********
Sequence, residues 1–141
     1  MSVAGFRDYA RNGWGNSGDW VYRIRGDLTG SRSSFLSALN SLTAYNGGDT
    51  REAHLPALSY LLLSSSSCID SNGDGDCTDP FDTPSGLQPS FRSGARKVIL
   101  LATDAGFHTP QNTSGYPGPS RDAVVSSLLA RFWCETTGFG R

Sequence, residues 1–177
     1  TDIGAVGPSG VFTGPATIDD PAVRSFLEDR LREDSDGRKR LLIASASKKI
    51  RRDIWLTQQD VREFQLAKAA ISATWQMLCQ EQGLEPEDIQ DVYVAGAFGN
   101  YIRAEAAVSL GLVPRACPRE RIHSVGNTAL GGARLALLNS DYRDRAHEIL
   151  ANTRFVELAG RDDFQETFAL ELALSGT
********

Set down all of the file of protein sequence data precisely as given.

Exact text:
Sequence, residues 1–141
     1  MSVAGFRDYA RNGWGNSGDW VYRIRGDLTG SRSSFLSALN SLTAYNGGDT
    51  REAHLPALSY LLLSSSSCID SNGDGDCTDP FDTPSGLQPS FRSGARKVIL
   101  LATDAGFHTP QNTSGYPGPS RDAVVSSLLA RFWCETTGFG R

Sequence, residues 1–177
     1  TDIGAVGPSG VFTGPATIDD PAVRSFLEDR LREDSDGRKR LLIASASKKI
    51  RRDIWLTQQD VREFQLAKAA ISATWQMLCQ EQGLEPEDIQ DVYVAGAFGN
   101  YIRAEAAVSL GLVPRACPRE RIHSVGNTAL GGARLALLNS DYRDRAHEIL
   151  ANTRFVELAG RDDFQETFAL ELALSGT